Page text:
As Maryland moves closer to deregulating the sale of electricity, the so-called "shopping credit" -- a benchmark price charged consumers -- has emerged as a pivotal issue.
Once electricity prices are no longer regulated July 1, the shopping credit will be crucial in determining whether Baltimore Gas and Electric Co., the state's largest utility, will face real competition.
Under deregulation, BGE's bills to customers will list separate charges for functions such as energy generation, transmission and meter reading.
The shopping credit is what BGE will charge customers for generation, or services related to producing electricity, the part of the business that is being deregulated.
Thus, the shopping credit is the price other suppliers would have to beat to offer a competitive alternative.
But a group representing out-of-state companies that want to compete in the Maryland market says the shopping credit established under a tentative deregulation settlement is artificially low and, in effect, protects BGE from competition -- at least initially.
Under the pending settlement, which has been endorsed by BGE, the state people's counsel and other parties, the shopping credit charge to residential customers initially would be 4.224 cents per kilowatt hour, but would rise to 5.02 cents in six years.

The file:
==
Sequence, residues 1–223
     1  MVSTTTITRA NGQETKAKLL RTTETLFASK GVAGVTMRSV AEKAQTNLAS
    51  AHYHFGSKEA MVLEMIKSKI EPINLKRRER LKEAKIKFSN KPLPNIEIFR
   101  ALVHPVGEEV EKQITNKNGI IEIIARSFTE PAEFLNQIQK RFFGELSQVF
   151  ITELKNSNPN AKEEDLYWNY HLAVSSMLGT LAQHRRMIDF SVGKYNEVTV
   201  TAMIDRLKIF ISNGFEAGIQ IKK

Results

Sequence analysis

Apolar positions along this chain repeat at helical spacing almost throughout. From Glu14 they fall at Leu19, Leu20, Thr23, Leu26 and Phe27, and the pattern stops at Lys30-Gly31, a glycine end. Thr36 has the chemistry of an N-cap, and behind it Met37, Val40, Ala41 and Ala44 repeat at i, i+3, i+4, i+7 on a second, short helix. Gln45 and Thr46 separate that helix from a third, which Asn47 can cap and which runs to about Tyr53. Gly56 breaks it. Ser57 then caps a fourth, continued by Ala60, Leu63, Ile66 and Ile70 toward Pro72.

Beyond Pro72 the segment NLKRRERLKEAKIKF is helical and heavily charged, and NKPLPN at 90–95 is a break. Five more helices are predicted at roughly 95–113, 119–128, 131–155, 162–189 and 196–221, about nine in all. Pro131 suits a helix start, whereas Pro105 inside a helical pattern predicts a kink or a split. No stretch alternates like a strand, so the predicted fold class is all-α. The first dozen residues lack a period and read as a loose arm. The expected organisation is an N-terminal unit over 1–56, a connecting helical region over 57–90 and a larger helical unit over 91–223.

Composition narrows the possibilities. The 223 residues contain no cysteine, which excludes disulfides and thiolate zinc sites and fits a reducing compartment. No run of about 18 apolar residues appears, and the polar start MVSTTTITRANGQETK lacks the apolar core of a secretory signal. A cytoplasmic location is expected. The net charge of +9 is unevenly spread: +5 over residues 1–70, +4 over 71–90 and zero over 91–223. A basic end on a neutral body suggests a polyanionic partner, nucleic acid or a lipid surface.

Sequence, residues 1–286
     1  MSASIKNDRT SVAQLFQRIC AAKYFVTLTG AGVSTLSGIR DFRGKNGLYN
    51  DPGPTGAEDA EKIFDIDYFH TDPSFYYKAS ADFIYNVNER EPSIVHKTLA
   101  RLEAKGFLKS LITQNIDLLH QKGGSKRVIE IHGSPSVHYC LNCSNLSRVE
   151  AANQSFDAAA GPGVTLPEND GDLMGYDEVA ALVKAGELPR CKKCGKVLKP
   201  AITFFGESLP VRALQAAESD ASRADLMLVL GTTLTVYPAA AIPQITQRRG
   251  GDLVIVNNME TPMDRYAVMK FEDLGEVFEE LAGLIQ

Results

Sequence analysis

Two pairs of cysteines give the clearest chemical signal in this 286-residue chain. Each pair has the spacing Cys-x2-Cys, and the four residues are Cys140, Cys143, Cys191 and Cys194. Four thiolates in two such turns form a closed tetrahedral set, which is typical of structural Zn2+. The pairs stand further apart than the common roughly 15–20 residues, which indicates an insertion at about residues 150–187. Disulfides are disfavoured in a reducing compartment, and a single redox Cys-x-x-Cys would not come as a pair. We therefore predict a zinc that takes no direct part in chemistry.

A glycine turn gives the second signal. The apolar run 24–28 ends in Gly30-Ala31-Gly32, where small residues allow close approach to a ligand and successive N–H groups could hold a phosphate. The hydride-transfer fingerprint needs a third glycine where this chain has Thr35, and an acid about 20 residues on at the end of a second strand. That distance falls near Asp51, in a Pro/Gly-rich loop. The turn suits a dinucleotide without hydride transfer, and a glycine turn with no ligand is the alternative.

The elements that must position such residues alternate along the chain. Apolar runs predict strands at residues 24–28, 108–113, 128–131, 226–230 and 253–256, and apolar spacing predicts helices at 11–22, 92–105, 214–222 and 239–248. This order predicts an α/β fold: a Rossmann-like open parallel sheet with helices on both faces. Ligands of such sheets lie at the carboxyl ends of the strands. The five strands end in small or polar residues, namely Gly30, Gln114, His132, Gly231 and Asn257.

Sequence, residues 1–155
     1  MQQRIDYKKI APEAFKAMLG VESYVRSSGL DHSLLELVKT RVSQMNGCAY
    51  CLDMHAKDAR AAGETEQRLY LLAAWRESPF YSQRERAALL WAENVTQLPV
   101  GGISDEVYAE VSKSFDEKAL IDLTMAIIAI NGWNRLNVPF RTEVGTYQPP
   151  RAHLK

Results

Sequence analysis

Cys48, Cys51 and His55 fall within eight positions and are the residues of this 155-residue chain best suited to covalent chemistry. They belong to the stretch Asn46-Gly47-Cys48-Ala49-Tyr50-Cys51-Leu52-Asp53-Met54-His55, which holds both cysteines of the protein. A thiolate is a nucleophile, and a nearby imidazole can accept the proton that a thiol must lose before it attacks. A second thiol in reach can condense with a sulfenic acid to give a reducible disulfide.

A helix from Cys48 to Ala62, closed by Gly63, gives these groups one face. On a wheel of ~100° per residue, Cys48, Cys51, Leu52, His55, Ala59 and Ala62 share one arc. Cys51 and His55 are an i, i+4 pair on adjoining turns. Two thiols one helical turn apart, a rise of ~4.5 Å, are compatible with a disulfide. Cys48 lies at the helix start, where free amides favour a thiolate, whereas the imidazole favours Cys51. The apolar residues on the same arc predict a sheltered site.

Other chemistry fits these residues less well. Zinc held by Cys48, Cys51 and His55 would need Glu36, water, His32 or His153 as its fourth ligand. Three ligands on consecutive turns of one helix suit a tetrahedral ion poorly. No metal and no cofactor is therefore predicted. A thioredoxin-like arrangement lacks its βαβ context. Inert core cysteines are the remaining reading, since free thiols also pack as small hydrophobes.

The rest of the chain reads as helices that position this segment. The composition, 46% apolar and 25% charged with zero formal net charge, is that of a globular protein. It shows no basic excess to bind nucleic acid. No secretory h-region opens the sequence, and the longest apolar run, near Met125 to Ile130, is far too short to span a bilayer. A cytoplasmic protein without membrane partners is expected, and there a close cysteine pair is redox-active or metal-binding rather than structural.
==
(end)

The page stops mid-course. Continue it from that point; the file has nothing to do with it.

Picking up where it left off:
The Mid-Atlantic Power Supply Association (MAPSA), a New Jersey-based group representing out-of-state power marketers that want to sell in Maryland, instead wants a shopping credit of 5.7 cents per kilowatt hour.
A higher credit would allow competition that would ultimately benefit customers, said Gary Alexander, an attorney with Annapolis-based Alexander & Cleaver, who represents MAPSA.
Sheldon Switzer, BGE's director of electricity pricing and tariffs, defends the shopping credit, arguing that power rates in BGE's service area are so low because the utility has controlled its costs.
The people's counsel, which represents consumers, has signed off on the deal primarily because it includes a six-year, 6.5 percent average rate cut for residential customers.